Print-friendly version of this page Kilburn LaneThe part of Queen's Park which is in the W10 postcode and City of Westminster, is known as the Queens Park Estate.
runs around the edge of the Queen’s Park
Estate in London W10.
is, after Harrow Road
, the oldest road in the area and connected Kilburn and Kensal Green. Until the nineteenth century, the names "Kilburn Lane
" and "Kensal Green Lane" were both used. The southernmost section was also known as "Flowerhills Lane".
It was known in the 17th century as "Flowerhills Lane". It was commented upon that the inhabitants of Willesden were indicted for not repairing it in 1722.
suffered from depopulation in the 18th century with those buildings that had been there, falling into disrepair and then removed. However, the enclosure of Kensal Green in the 1830s meant buildings appeared on the west of the lane near to the junction of Harrow Road
In 1844 St John’s Church in Kilburn Lane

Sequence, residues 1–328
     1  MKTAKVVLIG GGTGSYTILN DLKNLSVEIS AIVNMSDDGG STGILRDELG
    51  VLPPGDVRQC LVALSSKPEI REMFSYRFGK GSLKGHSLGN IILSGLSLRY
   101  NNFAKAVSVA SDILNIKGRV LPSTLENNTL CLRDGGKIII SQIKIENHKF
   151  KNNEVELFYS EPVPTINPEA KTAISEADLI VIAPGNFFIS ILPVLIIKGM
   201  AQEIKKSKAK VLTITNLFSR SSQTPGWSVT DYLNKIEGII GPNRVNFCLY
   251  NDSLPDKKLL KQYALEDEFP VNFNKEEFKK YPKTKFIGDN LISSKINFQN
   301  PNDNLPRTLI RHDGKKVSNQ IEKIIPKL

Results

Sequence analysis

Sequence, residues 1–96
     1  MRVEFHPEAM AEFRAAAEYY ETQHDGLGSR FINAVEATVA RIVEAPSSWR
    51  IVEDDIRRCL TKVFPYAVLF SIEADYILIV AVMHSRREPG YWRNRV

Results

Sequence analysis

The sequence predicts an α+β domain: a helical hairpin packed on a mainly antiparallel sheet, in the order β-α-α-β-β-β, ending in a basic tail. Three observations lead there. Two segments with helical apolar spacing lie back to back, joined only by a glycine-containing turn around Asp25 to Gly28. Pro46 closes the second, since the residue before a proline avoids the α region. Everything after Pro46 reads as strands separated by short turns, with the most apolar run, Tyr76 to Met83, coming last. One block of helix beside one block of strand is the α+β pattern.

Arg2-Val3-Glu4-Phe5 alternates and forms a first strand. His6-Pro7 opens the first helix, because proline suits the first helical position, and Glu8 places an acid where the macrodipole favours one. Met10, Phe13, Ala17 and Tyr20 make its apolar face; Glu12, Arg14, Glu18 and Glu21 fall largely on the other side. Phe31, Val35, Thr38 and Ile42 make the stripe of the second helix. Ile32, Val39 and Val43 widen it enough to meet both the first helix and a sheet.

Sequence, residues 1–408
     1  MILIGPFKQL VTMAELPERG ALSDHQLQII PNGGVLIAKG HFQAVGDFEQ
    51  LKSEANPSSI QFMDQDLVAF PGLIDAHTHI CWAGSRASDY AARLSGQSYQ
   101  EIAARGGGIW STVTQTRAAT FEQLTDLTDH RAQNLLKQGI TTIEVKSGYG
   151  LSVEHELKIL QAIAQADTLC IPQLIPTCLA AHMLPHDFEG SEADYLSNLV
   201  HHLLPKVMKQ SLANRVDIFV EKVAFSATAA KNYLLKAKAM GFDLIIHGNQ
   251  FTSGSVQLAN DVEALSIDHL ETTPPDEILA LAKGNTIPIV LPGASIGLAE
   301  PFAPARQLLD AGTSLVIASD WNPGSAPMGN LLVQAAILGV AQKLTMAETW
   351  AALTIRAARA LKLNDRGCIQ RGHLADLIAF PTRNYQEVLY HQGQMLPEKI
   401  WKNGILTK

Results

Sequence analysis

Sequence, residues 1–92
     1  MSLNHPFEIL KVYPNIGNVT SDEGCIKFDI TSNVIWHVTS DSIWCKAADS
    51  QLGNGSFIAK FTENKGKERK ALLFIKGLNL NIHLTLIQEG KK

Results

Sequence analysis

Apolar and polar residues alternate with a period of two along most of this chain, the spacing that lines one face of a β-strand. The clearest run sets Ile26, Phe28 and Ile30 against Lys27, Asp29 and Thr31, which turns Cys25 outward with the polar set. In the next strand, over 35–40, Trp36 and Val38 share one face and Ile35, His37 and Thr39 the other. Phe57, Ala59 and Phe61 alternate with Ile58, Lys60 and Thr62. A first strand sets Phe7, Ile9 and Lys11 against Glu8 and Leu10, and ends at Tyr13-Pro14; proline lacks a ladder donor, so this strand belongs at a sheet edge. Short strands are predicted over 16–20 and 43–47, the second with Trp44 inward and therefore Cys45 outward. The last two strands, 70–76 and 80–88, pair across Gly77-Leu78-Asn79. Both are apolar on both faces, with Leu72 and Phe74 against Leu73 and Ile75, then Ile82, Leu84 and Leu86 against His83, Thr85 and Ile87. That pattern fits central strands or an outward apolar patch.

was consecrated. There were now enough people living locally in order to create a new parish.
Further north, the road remained rural until the late nineteenth century with just two farms along its length.
The arrival of the railways, like elsewhere in London, caused rapid surburbanisation in thr 1870s and 1880s, with the streetscape complete by the turn of the twentieth century.
User unknown/public domain
It was built from 1874 by the Artisans, Labourers & General Dwellings Company. The architecture of that estate of some 2000 small houses is distinctively Gothic-revival, with polychrome brickwork, pinnacles and turrets along the bigger roads.
It retains First Avenue, Second Avenue etc up to Sixth Avenue, and originally had streets A-P. The street names have been made into full words, (Alperton Street, Barfett Street, Caird Street, Droop Street, Embrook Street, Farrant Street, Galton Street, Huxley Street, Ilbert Street, Kilravock Street, Lothrop Street, Marne Street, Nutbourne Street, Oliphant Street, Peach Street).
It was on this estate that the first QPR footballers had their homes.
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